When influenza researcher Aeron Hurt heard that INACH, the Chilean Antarctic Institute, would be studying mite and tick infection in a group of Antarctic penguins, he had a thought: As long as the penguins were already being tested for those infections, might they also be examined for presence of avian influenza?
This collaboration led to the exciting discovery of a novel avian influenza virus in Adélie penguins in Antarctica that was determined to be unlike any other circulating avian flu. The virus was described in a study published this week in mBio.
While other research groups have taken blood samples from penguins before and detected influenza antibodies, no one had detected actual live influenza virus in penguins or other birds in Antarctica previously, says Hurt, a senior research scientist at the WHO Collaborating Centre for Reference and Research on Influenza in Melbourne, Australia.
Hurt and his Chilean colleagues collected swabs from the windpipes and posterior openings of 301 Adélie penguins, and blood from 270 of those penguins, from two locations on the Antarctic Peninsula: Admiralty Bay and Rada Covadonga. The samples were collected during January and February 2013.
Using real-time reverse transcription-PCR, the researchers found avian influenza virus (AIV) RNA in eight (2.7%) samples, six from adult penguins and two from chicks. Seven of the samples were from Rada Covadonga. The researchers were able to culture four of these viruses, demonstrating that live infectious virus was present. On further analysis, the investigators determined that all viruses were H11N2 influenza viruses that were highly similar.
But when the researchers compared the full genome sequences of four of the collected viruses to all available animal and human influenza virus sequences in public databases, “we found that this virus was unlike anything else detected in the world,” says Hurt. “When we drew phylogenetic trees to show the evolutionary relationships of the virus, all of the genes were highly distinct from contemporary AIVs circulating in other continents in either the Northern or Southern Hemisphere.”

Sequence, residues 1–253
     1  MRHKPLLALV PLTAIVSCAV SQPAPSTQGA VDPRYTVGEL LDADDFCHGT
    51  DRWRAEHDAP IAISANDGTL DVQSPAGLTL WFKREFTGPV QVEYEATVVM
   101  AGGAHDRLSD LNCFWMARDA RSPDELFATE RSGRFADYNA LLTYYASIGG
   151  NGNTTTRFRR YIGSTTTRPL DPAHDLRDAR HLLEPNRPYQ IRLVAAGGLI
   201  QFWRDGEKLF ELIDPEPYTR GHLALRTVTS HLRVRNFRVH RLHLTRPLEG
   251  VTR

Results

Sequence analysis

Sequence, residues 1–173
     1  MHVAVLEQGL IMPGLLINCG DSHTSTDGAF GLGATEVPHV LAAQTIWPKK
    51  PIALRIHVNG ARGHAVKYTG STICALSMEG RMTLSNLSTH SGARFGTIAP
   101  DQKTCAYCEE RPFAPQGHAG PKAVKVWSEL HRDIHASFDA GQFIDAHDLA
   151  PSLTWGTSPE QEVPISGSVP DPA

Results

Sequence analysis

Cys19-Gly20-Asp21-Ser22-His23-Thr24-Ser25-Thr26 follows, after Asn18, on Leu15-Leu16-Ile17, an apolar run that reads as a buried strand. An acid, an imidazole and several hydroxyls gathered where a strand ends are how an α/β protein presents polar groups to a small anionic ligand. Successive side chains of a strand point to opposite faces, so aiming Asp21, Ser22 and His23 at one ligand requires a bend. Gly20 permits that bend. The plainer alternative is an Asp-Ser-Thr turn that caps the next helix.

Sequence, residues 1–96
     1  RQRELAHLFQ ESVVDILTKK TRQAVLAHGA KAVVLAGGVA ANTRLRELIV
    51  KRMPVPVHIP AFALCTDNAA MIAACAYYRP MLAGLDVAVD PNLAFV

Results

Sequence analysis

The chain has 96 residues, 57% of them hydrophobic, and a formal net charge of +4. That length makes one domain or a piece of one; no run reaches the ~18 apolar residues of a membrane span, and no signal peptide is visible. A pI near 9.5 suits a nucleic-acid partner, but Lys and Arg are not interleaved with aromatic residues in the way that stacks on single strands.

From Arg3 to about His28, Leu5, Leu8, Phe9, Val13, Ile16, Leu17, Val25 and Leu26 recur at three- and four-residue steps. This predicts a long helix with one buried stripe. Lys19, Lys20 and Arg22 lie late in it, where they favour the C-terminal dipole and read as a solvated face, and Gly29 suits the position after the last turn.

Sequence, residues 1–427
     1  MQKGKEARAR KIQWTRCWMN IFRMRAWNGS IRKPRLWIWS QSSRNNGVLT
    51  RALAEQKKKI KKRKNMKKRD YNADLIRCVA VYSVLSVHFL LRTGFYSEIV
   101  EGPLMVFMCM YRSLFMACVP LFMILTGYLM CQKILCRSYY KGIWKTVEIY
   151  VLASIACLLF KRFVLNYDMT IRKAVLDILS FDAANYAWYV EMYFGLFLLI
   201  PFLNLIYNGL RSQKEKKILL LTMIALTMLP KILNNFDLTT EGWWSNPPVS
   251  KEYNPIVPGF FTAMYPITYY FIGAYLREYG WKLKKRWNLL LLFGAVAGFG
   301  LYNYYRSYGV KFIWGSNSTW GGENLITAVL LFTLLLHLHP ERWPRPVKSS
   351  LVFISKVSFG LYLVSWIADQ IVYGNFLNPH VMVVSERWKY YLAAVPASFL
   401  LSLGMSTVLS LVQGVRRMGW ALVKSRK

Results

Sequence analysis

Four of the gene segments were most closely related to North American avian lineage viruses from the 1960s to 1980s. Two genes showed a distant relationship to a large number of South American AIVs from Chile, Argentina and Brazil. Using a molecular clock to incorporate the evolutionary rate of each AIV gene segment, the researchers estimated that the virus has been evolving for the past 49 to 80 years without anyone knowing about it. Whether this evolution has occurred exclusively in Antarctica is currently unknown, Hurt says.
Additional experiments found that 16% of penguins (43 of 270) had influenza A antibodies in their blood, and that the newly identified virus is likely to be exclusive to birds, as it did not readily infect a group of ferrets used as a test to see if the virus could infect mammals.
While the virus did not cause illness in the penguins, the study shows that “avian influenza viruses can get down to Antarctica and be maintained in penguin populations,” Hurt says. “It raises a lot of unanswered questions,” including how often AIVs are being introduced into Antarctica, whether it is possible for highly pathogenic AIVs to be transferred there, what animals or ecosystems are maintaining the virus, and whether the viruses are being cryopreserved during the winters.
Hurt says he hopes to continue studying the penguins, to see if AIVs will be detected in subsequent years, if new viruses emerge, and if viruses will be found in other locations in Antarctica.
-- Karen Blum